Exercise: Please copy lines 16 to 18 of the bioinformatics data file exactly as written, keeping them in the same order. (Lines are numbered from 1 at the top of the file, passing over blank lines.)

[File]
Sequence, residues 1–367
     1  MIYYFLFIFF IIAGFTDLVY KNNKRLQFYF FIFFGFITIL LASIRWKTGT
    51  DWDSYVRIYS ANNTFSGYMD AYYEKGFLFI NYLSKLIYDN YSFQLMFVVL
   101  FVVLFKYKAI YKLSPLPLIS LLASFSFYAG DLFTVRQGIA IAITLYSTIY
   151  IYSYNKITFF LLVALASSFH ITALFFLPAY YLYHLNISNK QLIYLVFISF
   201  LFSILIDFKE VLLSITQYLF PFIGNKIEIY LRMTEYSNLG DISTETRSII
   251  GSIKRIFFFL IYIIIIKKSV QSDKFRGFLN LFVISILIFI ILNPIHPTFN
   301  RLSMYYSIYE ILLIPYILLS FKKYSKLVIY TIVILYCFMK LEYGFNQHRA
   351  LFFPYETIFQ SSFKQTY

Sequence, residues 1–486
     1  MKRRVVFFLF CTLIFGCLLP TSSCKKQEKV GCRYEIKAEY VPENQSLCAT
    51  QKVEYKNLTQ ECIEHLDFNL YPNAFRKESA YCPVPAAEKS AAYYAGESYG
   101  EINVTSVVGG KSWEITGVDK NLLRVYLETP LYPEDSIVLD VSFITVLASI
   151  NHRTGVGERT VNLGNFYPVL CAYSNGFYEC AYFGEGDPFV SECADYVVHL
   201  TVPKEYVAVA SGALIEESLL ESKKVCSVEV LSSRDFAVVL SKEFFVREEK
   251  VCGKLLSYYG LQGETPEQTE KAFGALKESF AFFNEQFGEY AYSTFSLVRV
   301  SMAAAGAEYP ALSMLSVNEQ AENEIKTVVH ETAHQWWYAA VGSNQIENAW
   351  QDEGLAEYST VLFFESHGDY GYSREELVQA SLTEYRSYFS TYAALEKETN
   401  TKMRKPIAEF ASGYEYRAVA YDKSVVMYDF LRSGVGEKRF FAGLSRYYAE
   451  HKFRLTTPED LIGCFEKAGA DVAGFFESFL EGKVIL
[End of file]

   251  VCGKLLSYYG LQGETPEQTE KAFGALKESF AFFNEQFGEY AYSTFSLVRV
   301  SMAAAGAEYP ALSMLSVNEQ AENEIKTVVH ETAHQWWYAA VGSNQIENAW
   351  QDEGLAEYST VLFFESHGDY GYSREELVQA SLTEYRSYFS TYAALEKETN